Eat, pray, decorate
One of the strengths of the Caroline Simpson Library & Research Collection is its holdings of 19th‑century domestic advice manuals. Most of these books were published in the United Kingdom, with some from the United States and Australia. A number of the titles are now very rare; in some cases the library retains the only known copy in a public collection. The category covers subjects such as household management, domestic service, decorating and etiquette, and offers great insight into social and material histories of the home.
The role of the domestic advice manual was to educate and provide guidance. Manuals were prescriptive in nature: they promoted popular notions of taste and culture and maintained those of class, gender, duty and morality. Publishers catered to the growing market of middle-class readers preoccupied with ideas of ‘betterment’, releasing a myriad of books targeting a wide range of topics and audiences.
In the field of household management, readership chiefly comprised young married women. Manuals informed the ‘housewife’ on a woman’s role in the domestic sphere: how to be domestically capable, make a comfortable home and live within one’s means. English author Isabella Beeton imparted expertise on matters from appropriate behaviour and dress of ‘the mistress’ to management of household expenses and personnel. Her widely read How to manage house & servants (1866) declares stirringly:
‘as it is with the commander of an army, or the leader of an enterprise, so it is with the mistress of the house’.1
Home decorating advice had traditionally been written by and for married men. By the late 19th century, a new ethos of domesticity saw home decoration as the domain of women, and this was accompanied by a growth in female authorship. The 12-volume Art at Home series (1876–83) provided guidance and instruction on decorating ‘artistically’ to those who couldn’t afford to employ ‘skilled decorators’. In The dining room (1878), Mrs Loftie gave ‘practical suggestions to inexperienced housekeepers on small income, who do not wish to make limited means an excuse for disorder and ugliness’.2
One of the most notable Australian publications in the collection was written by Lady Eliza Darling. Simple rules for the guidance of persons in humble life: more particularly for young girls going out to service was first released in 1834, and is dedicated to ‘The children educated in the Female School of Industry, Sydney, New South Wales’. Lady Darling was patron of the committee who founded the school. Its intention was to produce ‘industrious servants’ who could eventually become ‘virtuous wives and mothers’.3
The collection also retains manuals from the extremely rare Houlston’s Guide to Service and Guide to Trade series. The 34-volume combined series were first released in 1838 to provide instruction on the duties of indoor and outdoor servants. Publisher Charles Knight engaged social theorist Harriet Martineau to write manuals for the series such as The housemaid and The lady’s maid.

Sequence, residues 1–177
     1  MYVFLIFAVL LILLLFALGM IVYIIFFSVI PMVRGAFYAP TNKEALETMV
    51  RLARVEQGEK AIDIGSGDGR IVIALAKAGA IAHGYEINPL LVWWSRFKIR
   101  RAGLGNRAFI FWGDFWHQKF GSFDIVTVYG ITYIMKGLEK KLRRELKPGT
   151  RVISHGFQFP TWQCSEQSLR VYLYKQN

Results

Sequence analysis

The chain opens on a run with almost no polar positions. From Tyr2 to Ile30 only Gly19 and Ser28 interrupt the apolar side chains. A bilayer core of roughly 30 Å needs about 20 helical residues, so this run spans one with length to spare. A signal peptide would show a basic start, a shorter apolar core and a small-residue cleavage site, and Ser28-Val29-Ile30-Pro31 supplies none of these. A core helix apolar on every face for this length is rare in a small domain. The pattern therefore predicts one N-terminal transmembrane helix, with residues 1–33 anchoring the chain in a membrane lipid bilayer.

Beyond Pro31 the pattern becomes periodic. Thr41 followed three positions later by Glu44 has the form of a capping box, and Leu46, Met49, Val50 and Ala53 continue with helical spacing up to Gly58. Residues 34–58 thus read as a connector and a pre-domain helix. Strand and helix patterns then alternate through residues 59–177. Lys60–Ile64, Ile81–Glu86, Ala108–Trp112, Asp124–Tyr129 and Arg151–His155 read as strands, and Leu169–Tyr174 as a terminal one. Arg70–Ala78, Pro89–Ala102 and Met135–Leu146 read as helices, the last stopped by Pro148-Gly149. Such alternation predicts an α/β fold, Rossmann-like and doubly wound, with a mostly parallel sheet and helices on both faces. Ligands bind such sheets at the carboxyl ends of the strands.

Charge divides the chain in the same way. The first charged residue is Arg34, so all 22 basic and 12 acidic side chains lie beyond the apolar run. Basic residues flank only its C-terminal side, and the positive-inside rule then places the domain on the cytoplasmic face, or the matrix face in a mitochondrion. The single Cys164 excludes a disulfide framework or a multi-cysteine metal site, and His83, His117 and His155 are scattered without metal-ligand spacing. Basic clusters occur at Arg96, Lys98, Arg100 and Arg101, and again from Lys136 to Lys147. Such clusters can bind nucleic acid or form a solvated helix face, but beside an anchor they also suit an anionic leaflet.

- 1. Isabella Beeton, How to manage house & servants and to make the most of your means, Ward, Lock & Tyler, Paternoster Row, London, 1866, p1.
- 2. Mrs Loftie, The dining room, Art at Home series, Macmillan and Co, London, 1878, preface, pvii.
- 3. Lady Darling, Simple rules for the guidance of persons in humble life: more particularly for young girls going out to service, William Wight, at his Theological Library, Cheltenham, 1839, piii.
P’s and q’s
Some of the smallest handbooks in the collection are etiquette manuals. These pocket-sized volumes cover topics from letter writing to ballroom dancing and finding a spouse. In spite of its title, the 1847 Young ladies’ and gentlemen’s hymeneal instructor, by Edward Caswall or ‘Quiz’, was primarily aimed at young men. Chapters include ‘showing the time to marry’, ‘the requisites of a good wife’, ‘manner of courting’, ‘popping the question’, ‘the wedding night’ and ‘conjugal duties’.
Most manuals were written as serious instructional handbooks, but others took the form of satirical exposés of high society. Authorship could be by ‘one of the exclusives’ or ‘A Lady’. In Mixing in society (1870), ‘the Countess of …’ asserts that ‘a standard work on manners must necessarily proceed from pen of one who moves in the best circles …’4
The forerunners of modern-day self-help books and home magazines, 19th-century advice manuals gave the aspirational a means to understand the established roles and practices of ‘respectable’ society. As historical sources, they now tell us how people lived at home, how they worked and socialised, and how they placed themselves and others in society.
- 4. The Right Hon the Countess of …, Mixing in society, George Routledge & Sons, London, 1870, preface, pv.
Browse the library’s significant collection of advice manuals and other rare books at slm.is/domestic-advice